In the workplace: Who is in charge of building your culture?

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Garrett MintzLast week, I hosted an executive symposium with local leaders about ways to develop leaders within your organization. Shortly after the panel discussion started, a new topic emerged: Who is in charge of building culture within an organization? This revealed some interesting disagreement among panelists, so we explored this topic further.

One of our panelists, Herb, an executive coach and former COO of a major health care system, posited that culture-building originates with the CEO and trickles throughout the organization.

Mindy, another panelist and chief people officer at a venture-capital-backed software company, partially agreed, but expanded the role to include the rest of the executive team. She said culture starts with the executive team, then needs to be effectively communicated throughout the organization.

And Bernie, the CEO of a small construction company, went further. He argued that everyone helps build the culture of the organization.

CEO, executive team, or everyone at the company? Which of these arguments is actually right?

Bernie is the CEO of a 25-person company. He uses quarterly meetings to bring the entire team together to reevaluate their core values, core focus and goals, and he finds this to be an irreplaceable part of his company culture.

His fellow panelists, Herb and Mindy, pointed out that a 25-person company can handle an activity like this, but scaling that concept up to hundreds or thousands of people is not feasible. Either nobody gets heard, or the process rapidly grows cumbersome because the time to review each person’s perspective takes forever.

Furthermore, Mindy argued that an executive team should already be having these conversations regularly and connecting with one another as core values or core focus changes.

Herb pointed out that having a CEO who prioritizes and values these regular meetings isn’t always going to be in the cards.

Herb subscribes to more of a command-and-control leadership style from the CEO position, but Bernie and Mindy disagreed with that prescription. They argued that the responsibility to identify the proper pivots and seek new ideas is a shared task, not exclusive to the CEO.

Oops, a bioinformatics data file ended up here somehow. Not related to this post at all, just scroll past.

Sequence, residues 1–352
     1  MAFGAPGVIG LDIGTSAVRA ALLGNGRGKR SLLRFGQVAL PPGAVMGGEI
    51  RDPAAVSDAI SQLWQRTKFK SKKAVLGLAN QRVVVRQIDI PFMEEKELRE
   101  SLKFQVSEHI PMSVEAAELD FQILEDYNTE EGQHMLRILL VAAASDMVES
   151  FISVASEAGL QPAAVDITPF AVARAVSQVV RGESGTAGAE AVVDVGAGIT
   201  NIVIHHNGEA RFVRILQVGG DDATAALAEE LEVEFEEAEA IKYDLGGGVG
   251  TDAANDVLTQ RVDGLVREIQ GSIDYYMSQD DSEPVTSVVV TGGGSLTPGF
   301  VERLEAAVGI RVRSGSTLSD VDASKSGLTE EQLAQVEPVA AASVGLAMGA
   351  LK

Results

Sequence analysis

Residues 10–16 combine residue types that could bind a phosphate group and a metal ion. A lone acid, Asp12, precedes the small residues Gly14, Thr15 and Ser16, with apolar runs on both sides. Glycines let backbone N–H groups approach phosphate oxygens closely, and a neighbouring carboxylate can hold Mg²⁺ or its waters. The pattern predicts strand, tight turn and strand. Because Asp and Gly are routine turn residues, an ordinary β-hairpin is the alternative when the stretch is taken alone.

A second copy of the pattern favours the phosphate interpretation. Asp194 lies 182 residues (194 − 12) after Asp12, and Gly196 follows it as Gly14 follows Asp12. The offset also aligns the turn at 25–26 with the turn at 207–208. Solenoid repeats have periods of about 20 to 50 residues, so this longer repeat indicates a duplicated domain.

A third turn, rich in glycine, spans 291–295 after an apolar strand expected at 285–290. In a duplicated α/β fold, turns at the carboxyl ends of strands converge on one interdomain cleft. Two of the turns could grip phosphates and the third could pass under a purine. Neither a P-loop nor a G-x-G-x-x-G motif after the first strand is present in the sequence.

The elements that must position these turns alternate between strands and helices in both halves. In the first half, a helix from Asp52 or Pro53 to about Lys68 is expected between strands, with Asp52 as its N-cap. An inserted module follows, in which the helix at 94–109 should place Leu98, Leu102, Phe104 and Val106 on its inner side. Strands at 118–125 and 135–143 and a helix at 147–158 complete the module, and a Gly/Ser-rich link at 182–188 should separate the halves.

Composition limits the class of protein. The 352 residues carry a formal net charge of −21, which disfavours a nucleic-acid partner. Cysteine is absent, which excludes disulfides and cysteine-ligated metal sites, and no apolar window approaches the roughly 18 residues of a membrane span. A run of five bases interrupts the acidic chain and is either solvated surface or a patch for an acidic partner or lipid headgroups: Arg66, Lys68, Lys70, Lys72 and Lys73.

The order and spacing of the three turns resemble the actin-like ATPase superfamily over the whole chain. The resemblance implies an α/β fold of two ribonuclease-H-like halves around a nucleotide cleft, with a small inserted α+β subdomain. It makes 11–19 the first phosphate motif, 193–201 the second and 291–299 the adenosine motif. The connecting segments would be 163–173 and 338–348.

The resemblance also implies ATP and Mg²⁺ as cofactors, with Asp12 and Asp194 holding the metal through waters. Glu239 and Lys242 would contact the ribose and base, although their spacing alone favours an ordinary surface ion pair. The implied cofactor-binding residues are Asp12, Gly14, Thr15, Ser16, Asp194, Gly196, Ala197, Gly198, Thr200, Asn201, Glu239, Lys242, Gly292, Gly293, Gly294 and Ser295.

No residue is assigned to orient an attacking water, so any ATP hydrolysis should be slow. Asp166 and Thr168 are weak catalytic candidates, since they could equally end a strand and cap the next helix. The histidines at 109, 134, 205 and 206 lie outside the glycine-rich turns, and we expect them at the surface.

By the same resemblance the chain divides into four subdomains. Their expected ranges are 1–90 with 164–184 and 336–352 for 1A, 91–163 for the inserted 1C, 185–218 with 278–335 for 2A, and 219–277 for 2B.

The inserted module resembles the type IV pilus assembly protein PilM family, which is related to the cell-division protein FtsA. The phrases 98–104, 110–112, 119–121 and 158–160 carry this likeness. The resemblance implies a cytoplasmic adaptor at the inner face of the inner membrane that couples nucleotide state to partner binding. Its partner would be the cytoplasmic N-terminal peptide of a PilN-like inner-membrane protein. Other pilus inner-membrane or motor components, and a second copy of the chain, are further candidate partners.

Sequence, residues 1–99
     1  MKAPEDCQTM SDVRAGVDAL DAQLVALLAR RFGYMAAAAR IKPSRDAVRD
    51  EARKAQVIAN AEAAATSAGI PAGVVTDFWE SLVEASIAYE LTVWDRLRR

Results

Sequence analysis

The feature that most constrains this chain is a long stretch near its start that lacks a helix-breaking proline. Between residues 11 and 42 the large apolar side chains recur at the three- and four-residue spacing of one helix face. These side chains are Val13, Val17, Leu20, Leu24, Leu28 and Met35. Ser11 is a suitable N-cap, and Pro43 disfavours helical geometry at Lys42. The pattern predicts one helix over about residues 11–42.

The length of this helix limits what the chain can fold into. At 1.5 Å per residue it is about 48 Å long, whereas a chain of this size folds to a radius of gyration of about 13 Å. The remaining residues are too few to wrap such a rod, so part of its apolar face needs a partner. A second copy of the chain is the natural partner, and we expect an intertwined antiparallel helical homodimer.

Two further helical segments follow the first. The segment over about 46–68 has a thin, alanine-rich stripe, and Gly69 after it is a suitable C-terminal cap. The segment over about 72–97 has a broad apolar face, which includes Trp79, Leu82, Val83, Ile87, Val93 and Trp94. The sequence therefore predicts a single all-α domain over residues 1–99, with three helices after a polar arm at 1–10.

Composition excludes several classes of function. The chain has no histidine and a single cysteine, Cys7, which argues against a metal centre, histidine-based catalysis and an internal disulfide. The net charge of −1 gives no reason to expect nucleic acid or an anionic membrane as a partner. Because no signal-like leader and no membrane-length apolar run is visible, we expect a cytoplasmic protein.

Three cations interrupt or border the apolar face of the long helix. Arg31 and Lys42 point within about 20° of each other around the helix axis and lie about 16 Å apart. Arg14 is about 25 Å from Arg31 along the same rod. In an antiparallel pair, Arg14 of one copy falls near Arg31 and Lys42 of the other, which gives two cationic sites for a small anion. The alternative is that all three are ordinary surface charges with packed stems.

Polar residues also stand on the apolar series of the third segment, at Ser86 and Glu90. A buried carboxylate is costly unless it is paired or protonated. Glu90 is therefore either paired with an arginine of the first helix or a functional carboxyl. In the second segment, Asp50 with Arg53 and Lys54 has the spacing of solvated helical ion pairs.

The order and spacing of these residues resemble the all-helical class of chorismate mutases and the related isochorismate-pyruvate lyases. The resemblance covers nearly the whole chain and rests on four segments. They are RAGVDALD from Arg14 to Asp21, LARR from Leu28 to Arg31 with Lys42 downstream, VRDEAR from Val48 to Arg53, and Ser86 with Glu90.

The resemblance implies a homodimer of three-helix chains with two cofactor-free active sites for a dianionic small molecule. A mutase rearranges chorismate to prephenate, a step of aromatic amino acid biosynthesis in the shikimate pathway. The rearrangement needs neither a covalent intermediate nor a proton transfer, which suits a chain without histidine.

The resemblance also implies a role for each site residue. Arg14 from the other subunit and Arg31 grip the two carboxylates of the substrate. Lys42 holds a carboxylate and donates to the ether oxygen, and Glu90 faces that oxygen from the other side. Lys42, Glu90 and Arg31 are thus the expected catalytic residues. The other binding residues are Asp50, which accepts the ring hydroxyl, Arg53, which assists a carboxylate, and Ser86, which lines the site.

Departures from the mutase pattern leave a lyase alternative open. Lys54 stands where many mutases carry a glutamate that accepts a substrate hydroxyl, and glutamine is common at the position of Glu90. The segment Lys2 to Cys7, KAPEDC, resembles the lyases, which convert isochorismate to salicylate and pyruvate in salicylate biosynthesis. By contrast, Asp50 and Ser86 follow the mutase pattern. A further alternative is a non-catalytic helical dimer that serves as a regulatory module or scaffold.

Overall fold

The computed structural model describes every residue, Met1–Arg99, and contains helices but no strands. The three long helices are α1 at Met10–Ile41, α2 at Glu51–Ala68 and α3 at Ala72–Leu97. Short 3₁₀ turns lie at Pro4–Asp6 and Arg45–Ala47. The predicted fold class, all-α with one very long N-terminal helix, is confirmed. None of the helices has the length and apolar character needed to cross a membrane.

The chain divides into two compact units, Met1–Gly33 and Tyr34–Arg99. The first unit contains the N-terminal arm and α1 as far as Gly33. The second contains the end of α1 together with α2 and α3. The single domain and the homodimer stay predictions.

One thing everyone could agree on was that there is no one-size-fits-all solution for building an effective culture, but that, whatever culture you have built, it must be readily understood, inspiring, and not general and exclusively aimed to benefit the organization.

What does this mean?

By “general and not exclusively aimed to benefit the organization,” I mean the culture can’t simply be: “Our mission is to grow and be the best,” or, “We aim to deliver returns for our shareholders and increase the return on investment from our business development efforts,” or, “We strive to be an ever-evolving company that constantly does better work for our clients.”

These types of generic or self-serving visions for a company’s culture lack substance, and the employees can tell.

By “readily understood” and “inspiring,” I mean the culture needs to be about something greater than the individuals in the organization or the organization itself. Something that—with the support of others, with consistent reminders about what everyone is doing this for, and with flexibility for adjusting as new information comes to light—can potentially come true inside that company.

For example, Bernie’s vision is that we exist to improve people’s lives. We collaborate with like-minded clients, design firms and trade partners on the construction of unique spaces. We operate with humility, curiosity, diligence and confidence. We believe our success will continue as we put others first, remain perpetually relevant, and execute best practices. We believe in a better construction process, one where you will love your home and enjoy the journey.

I liked Bernie’s vision, but some aspects felt a little generic. Contrast this with Mindy’s vision, which spoke more strongly to me, particularly because it was shorter and clearer while still being aspirational.

Mindy’s vision is a world where the vast majority of people are excited about going to work. When they are there, their expectations meet reality, and when they come home, they feel fulfilled.

Her team’s cultural norms and rituals are based on this higher goal of helping people enjoy work more. Because of these efforts, her team members are amenable to the times when they need to put in the hard, extra hours because their work fills their cup instead of emptying it.

When Mindy’s team members lose their North Star (e.g., feelings of burnout, confusion, frustration), they can refer back to their vision for inspiration or use that vision for reason to gather clarity.

If you feel like your company’s culture falls into the overly general category, or isn’t particularly inspiring, or isn’t reiterated to you consistently, that’s an OK thing to feel and perfectly normal. But, it doesn’t mean you are powerless to do anything about it.

One of my biggest takeaways from the panel was that, although the CEO and executive team might be the core people coming up with the vision, everyone is required to set and reinforce the tone of the culture and the vision set forth. CEOs and executive teams are burying their heads in the sand if they think culture only goes top-down; culture-building is a team exercise, and nobody is on the bench.•


Mintz is founder of Ambition in Motion, a Bloomington-based firm that helps companies increase employee engagement and collaboration by implementing corporate mentor programs.

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